|My Theatre Mates|
A family friendly show about a terror attack - doesn't quite add up when you think about it does it? But the more you do, the more you realise that Carly Wijs' direction might just be genius. All too often when we retell moments of our past, we embellish and adapt - particularly when we are children - my nearly-3-yr-old niece would of course deny this entirely.
But when children witness traumatic events, how much of it sinks in? How much do they let it? Kids are more resilient than we think, but they're also like sponges, they take in the world at a rate that dizzies us as adults. So what if, in a place they all feel safe, like at school, they endure something terrible?
Us/Them is directed in a way that addresses this. As we begin with chalk drawings of the school's layout, a competition of information between our two leads and some essential facts to present the provenance of our piece, we are slowly lulled into a comedic security, brimming with innocence.
However, as the piece unfolds we are pulled ever closer to the truth, the REAL terror attack on these young children on a day that held them captive for 52hrs, killing 184 children and 148 adults. But we never really get there, the truth. The truth remains suspended in the well constructed strings that span the stage amidst a maze of conclusions and childhood storytelling.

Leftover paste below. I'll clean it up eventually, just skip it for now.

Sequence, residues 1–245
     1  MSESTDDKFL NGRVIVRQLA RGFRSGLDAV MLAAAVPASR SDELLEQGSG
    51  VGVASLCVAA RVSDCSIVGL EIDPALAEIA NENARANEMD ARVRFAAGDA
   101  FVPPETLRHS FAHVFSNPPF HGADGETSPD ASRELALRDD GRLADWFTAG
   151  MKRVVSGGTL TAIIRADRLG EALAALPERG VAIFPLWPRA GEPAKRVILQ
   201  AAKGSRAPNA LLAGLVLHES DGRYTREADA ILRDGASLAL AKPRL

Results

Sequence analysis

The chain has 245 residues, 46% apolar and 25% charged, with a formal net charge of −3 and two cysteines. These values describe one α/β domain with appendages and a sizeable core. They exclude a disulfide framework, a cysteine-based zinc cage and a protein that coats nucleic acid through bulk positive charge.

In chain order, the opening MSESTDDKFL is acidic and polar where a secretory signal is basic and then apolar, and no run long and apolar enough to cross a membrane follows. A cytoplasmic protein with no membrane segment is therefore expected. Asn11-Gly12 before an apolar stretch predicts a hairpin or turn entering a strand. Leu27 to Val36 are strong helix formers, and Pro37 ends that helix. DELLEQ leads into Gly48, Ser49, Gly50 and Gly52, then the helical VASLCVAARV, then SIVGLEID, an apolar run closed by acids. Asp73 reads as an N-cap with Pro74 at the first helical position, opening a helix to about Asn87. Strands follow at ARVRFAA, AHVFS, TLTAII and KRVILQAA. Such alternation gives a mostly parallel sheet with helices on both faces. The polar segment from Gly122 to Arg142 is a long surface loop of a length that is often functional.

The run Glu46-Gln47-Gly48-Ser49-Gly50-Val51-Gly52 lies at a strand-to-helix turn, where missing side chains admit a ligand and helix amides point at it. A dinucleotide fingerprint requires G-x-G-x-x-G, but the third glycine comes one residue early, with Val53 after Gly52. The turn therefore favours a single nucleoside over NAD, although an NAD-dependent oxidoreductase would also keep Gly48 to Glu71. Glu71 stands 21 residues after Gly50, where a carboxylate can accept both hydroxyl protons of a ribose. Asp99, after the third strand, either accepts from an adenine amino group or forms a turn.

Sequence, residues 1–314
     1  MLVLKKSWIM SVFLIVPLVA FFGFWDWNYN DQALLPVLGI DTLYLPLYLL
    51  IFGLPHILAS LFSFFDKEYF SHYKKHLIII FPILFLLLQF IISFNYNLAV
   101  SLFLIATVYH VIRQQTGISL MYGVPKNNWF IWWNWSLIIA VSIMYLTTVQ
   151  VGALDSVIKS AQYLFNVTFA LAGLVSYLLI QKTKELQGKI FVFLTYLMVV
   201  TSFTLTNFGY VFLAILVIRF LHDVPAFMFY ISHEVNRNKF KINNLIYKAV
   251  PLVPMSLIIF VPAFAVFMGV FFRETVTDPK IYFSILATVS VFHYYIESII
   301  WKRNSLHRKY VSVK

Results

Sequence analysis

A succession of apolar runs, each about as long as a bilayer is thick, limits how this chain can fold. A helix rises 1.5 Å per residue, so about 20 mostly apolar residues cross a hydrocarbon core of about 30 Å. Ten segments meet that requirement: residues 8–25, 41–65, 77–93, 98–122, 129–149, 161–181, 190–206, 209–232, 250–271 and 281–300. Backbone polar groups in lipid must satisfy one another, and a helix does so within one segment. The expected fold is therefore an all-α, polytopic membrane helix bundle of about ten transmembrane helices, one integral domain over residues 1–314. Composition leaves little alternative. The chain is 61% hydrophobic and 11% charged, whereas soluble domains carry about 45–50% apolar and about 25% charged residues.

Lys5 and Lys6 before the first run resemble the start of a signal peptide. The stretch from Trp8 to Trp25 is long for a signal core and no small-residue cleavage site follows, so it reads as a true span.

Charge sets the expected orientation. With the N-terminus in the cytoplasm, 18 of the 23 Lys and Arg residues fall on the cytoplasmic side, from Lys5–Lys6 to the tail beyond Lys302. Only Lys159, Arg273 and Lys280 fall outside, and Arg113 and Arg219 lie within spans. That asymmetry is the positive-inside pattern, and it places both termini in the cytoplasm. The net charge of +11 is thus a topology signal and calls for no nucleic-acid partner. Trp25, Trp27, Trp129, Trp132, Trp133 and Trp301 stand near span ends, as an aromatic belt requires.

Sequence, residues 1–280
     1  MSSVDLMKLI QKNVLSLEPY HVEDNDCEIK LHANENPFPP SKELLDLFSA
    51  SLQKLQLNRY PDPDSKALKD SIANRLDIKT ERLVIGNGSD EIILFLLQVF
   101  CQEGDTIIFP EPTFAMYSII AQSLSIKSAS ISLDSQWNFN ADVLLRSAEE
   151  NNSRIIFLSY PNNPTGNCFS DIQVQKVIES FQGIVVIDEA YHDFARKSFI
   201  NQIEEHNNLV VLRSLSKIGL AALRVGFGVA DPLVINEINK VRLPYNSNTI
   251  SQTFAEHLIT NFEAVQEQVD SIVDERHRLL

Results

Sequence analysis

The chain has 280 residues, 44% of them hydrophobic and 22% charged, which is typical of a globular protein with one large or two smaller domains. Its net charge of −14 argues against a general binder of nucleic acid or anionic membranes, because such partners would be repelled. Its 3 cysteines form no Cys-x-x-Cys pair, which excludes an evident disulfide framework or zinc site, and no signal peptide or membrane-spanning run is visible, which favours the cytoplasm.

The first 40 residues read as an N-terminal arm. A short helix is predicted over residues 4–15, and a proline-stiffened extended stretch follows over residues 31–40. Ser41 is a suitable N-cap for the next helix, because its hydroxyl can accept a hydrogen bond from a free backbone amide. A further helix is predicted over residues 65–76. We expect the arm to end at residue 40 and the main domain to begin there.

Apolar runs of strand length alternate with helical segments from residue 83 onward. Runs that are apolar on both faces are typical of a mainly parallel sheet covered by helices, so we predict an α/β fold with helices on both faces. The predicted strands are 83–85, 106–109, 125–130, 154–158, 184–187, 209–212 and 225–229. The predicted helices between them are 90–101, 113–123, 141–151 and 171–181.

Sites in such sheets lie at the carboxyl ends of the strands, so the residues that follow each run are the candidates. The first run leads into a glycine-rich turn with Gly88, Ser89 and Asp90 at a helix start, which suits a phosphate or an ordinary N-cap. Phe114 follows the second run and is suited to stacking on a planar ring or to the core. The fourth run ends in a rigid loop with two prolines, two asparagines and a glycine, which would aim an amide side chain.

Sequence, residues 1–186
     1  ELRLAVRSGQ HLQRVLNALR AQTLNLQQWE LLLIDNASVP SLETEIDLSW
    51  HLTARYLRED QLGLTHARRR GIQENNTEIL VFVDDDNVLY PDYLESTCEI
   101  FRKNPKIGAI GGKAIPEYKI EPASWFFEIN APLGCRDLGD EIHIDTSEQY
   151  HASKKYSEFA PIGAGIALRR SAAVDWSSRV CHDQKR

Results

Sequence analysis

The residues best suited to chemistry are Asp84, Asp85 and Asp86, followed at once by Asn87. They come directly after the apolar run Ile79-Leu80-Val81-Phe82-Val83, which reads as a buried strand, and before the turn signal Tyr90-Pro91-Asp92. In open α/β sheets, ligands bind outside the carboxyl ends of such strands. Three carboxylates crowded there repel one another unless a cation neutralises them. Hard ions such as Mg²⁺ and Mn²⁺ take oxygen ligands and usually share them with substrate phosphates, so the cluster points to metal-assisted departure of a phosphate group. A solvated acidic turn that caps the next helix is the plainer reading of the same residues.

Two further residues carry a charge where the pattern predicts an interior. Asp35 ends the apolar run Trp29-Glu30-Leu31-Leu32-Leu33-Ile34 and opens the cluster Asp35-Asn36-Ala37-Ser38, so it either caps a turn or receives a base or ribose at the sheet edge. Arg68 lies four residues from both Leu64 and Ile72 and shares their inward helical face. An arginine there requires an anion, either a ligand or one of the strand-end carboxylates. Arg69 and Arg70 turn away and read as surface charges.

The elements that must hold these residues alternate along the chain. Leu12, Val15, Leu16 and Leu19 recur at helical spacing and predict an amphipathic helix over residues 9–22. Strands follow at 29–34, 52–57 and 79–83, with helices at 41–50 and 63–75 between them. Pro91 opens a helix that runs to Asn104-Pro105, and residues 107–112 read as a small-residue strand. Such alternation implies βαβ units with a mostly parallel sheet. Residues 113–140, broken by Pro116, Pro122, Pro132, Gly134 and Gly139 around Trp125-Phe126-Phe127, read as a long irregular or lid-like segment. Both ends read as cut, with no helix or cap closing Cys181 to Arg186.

Our leads are enthusiastic and convincing in their confidence, as well as in their coyness. As they traverse the stage energetically, we are drawn to them even if we never really know much about who they are. Chalk drawings and imaginative commentary provide the basis of the all-too-familiar 'Us and Them' argument, with seemingly no understanding of why 'they' are 'them' and'we' are 'us' - or of why they are being held hostage in their own school.
As a family show, Us/Them definitely helps broach the subject of death in the family if you don't have a pet that's likely to kick-the-bucket anytime soon. But it's also a fun show that incorporates dance with energy that never really allows for sombreness or pain in a concentrated quantity. It's full of imagination, both in script and staging but it's story holds a truth that makes it as devastating as it is entertaining - that is if you take a moment to Google the Beslan Massacre.
Read more about the production and the real event here: http://www.independent.co.uk/arts-entertainment/theatre-dance/review-usthem-dorfman-national-theatre-london-the-story-of-beslan-makes-for-a-remarkable-harrowing-a7539296.html